Thursday, July 2, 2009

Controlling System Processes

Controlling System Processes

# /usr/dt/bin/sdtprocess & -- GUI tool for process monitoring

# prstat -- Displays info about active process (5 sec refresh interval)

Options for prstat command

-c --. Continuously prints new reports below previous reports
-n nproc -- Restricts the number of output lines
-p pidlist -- Reports only on process that have PID
-t -- Reports total usage summary for each users
-u euidlist -- Reports only processes that have an EUID in the given list
-U uidlist -- Reports only processes that have a real UID in the given list

# kill –signal PID
# pkill –signal process

# pgrep –l mail -- To know PID
# pkill sendmail -- To kill sendmail process

# ps –e | grep mail -- To know PID
# kill 314 -- To kill mail process

# kill signal PID PID PID
# pkill signal process process

Default signal is 15

1 SIGHUP Hnagup -- Stop & start with the same pid
2 SIGNT Interrupt --
9 SIGKILL Kill -- Kill forcibly
15 SIGTERM Terminate -- Kill properly

# pkill -1 (or) –HUP sendmail
# kill –SIGTERM (or) -15
# kill –SIGKILL (or) -9
# kill –SIGHUP (or) -1 (or) –HUP

# renice –n -10 195 -- To change priority
-20 -- Highest priority for a process
0 -- Neutral priority
+20 -- Least priority

# psrinfo -- shows how long the system is running

# ps –e -- Shows all system process
# ps –ef -- Default process details with command or service name
# ps –ef | grep cron -- To view specific process

# at 9:00 pm
at> find /export/home/user2 –name core rm {} \;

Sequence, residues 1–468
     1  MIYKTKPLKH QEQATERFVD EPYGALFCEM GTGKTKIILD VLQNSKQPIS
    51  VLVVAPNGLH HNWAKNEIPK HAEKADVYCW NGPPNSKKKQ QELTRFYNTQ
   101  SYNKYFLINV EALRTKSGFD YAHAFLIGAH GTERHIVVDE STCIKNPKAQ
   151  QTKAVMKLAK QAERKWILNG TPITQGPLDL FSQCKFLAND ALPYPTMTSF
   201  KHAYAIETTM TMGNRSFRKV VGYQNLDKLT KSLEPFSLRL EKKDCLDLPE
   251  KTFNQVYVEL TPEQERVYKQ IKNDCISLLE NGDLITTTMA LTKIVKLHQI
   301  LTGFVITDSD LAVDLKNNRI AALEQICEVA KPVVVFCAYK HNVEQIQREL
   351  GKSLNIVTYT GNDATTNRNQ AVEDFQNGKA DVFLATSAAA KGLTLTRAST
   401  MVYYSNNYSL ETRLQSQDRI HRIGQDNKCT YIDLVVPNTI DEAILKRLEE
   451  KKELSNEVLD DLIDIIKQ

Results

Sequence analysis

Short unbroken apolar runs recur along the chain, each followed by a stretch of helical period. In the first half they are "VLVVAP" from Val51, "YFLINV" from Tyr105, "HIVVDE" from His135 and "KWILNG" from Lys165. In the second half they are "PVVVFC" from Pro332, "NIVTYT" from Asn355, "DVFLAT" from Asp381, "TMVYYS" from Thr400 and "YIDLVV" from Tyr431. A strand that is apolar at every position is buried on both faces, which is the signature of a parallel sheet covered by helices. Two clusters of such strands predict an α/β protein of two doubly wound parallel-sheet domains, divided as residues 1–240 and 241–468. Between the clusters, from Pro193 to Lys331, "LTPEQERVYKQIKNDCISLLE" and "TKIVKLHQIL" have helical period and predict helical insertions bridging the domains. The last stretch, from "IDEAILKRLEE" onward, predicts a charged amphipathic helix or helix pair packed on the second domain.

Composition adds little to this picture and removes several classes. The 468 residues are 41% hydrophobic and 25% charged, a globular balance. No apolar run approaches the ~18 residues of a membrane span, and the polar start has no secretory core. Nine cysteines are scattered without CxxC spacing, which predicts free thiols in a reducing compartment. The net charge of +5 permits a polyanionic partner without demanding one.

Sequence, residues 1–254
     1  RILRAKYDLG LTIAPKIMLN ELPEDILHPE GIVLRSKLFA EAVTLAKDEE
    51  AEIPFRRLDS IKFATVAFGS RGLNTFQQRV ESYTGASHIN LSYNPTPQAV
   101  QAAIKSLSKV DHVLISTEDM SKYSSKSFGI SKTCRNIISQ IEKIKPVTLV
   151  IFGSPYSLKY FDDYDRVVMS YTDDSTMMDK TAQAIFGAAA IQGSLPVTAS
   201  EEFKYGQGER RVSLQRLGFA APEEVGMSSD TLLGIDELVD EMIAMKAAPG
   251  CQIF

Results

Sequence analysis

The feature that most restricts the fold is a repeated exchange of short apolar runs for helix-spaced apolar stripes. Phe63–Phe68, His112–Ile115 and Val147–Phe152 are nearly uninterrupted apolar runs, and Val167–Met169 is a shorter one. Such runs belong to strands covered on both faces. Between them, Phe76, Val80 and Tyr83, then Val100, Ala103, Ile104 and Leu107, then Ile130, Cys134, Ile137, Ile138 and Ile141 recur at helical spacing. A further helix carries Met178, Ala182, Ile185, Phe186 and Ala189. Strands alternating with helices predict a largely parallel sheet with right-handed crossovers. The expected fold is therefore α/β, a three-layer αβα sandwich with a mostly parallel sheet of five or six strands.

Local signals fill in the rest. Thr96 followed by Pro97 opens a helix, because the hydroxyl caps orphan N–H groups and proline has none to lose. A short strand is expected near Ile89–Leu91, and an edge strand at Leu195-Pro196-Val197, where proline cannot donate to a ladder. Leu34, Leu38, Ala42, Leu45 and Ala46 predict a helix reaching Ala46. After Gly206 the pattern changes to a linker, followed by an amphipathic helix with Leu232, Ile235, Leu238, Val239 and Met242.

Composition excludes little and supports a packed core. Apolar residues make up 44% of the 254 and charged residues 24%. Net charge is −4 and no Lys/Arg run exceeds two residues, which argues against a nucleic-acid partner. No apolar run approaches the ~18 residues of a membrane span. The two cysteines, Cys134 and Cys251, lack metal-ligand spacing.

at> Ctrl+D
# at now
at> banner “welcome” > /dev/pts/4
at> ctrl+d

# at –l 1016078400.a -- Reports jobs schedule

# atq -- Shows the at jobs queue

# ls –l /var/spool/cron/atjobs -- Directory contains the at jobs

# at –r 1016078400.a -- To remove the at job

/etc/cron.d/at.deny -- We can add username to this file to deny access to at jobs
/etc/cron.d/at.allow -- We can add username to this file to allow access to at jobs
If neither file at.allow & at.deny file does not exist only the root user can use the at command.

Crontab File Format
0-59 0-23 1-31 1-12 1-7
Min Hour Date Month Days

# crontab –l -- View content of user crontab file
# crontab –e -- Editing the file
30 17 * * 5 /usr/bin/banner “Time to go!” > /dev/console

# crontab –r username -- Remove a crontab file

/etc/cron.d/cron.deny -- Users in this file will deny access to use crontab command
/etc/cron.d/cron.allow -- Users in this file will allow access to use crontab command

If we type only crontab as the command. It will go to process so if we press Ctrl+c then it won’t save the file but existing data will be present. When we press Ctrl+D then all the content will get deleted.

# crontab /root_cron -- To use a backup file for cron jobs.

# /etc/init.d/cron stop (or) start

# /var/spool/cron/crontabs -- Directory where users crontab schedule files are getting stored.

# /var/spool/cron/atjobs -- Directory where AT jobs get saved

# svcadm enable (or) disable cron

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